Dreaming of Becoming Your Own Boss?
Many dream of starting their own business, but few know what it entails. These eight tips give you some answers.
Having your own business or starting one has a certain ring to it. Many seem to believe that being an entrepreneur is like living a dream of freedom, independence, and wealth. No wonder many employees working for large corporations long to become their own boss. Frustrated by being pushed around, participating in countless video calls, or being passed over for a promotion, the idea of starting your own company where you are the boss can act like an escape hatch.
However, before you rush to quit your corporate job, here are a few realities that can help you set the right expectations of what it's like to be your own boss.
Do You Have to Live From Your Company's Profit?
Over the years, I have met several entrepreneurs who retired early and started their own businesses to pursue their hobbies. They didn't need to depend on their company's profit to cover their living expenses. They had accumulated enough wealth in their corporate jobs. The reason why they started their business was to keep busy as long as it didn't interfere with their other interests.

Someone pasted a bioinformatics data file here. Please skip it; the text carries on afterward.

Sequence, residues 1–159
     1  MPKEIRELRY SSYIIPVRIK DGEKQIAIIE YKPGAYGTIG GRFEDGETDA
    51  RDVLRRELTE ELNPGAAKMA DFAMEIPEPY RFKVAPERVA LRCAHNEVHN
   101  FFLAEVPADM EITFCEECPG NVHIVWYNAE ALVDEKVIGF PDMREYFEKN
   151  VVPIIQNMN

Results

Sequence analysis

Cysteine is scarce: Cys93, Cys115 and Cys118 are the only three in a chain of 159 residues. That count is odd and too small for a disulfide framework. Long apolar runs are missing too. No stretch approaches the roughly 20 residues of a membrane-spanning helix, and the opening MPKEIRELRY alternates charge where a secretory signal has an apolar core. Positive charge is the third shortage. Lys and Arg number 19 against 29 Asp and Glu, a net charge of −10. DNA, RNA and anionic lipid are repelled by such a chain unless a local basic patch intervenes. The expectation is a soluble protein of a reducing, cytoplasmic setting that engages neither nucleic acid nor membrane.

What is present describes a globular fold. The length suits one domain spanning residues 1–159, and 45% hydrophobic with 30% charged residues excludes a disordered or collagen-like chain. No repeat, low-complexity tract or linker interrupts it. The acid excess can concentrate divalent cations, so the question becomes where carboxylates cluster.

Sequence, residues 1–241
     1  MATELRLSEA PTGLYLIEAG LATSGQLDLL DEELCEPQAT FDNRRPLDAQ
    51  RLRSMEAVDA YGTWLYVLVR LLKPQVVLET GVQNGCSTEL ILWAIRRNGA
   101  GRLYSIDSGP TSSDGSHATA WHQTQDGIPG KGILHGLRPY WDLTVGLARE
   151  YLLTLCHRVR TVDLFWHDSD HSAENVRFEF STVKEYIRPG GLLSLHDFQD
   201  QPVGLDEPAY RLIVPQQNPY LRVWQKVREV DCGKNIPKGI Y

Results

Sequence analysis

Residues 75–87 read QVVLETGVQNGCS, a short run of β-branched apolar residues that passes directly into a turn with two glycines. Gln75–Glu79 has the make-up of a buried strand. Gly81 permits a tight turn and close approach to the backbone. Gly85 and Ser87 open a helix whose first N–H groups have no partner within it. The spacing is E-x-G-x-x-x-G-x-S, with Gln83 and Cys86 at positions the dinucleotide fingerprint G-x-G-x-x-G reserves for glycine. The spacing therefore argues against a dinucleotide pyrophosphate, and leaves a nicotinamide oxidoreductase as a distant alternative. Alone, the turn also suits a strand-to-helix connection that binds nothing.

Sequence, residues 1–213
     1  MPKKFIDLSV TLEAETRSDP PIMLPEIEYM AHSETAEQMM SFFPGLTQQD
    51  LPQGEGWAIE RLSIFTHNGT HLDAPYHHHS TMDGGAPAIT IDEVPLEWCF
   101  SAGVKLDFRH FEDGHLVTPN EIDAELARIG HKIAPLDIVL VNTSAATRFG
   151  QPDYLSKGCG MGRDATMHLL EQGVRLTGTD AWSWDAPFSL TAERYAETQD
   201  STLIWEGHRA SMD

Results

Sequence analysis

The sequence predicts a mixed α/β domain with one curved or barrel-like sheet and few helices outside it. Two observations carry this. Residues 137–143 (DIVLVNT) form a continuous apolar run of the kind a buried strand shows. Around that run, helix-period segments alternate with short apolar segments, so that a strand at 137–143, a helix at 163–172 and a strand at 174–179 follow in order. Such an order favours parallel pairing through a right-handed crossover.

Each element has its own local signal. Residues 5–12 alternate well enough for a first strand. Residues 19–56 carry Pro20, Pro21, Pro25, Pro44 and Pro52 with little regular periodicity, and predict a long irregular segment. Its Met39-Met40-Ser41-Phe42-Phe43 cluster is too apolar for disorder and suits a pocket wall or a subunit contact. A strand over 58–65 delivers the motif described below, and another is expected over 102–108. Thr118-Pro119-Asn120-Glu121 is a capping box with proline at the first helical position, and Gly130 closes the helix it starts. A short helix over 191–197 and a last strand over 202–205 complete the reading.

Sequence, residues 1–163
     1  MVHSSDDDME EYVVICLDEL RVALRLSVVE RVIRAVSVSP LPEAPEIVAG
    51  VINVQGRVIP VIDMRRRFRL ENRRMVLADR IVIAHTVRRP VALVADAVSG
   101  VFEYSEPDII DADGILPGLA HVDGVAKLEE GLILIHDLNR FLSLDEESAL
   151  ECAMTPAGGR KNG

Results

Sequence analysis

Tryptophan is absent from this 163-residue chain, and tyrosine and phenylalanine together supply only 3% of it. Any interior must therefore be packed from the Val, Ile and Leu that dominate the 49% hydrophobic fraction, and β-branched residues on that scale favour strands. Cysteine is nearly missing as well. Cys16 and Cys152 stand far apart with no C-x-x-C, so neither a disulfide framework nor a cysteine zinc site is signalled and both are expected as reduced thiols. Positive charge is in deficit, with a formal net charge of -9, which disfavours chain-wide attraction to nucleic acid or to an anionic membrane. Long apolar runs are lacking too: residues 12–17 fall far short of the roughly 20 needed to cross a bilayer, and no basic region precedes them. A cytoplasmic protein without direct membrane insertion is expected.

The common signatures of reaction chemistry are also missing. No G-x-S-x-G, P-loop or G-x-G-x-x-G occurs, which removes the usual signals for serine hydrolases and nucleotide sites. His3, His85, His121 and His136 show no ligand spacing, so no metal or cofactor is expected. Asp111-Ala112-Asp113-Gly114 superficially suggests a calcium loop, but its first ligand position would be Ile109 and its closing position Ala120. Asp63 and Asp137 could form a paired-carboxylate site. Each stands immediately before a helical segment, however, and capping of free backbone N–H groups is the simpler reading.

However, if you depend on your company's profit to cover your living expenses, then continue reading.
Does Passion Drive You?
Contrary to popular belief, having your own business can be stressful and exhausting.
In the first couple of years, before you can afford help, you will be responsible for everything, sales, marketing, procurement, operations, legal, and accounting. You will be the one writing the legal terms in your contracts because you cannot afford an expensive lawyer. You may have an accountant to prepare your income tax return, but many business owners file their taxes themselves. Ah, and don't forget to file your sales taxes and business property taxes on time. It will be overwhelming. That's part of the reason why the majority of new businesses do not make it through the first five years.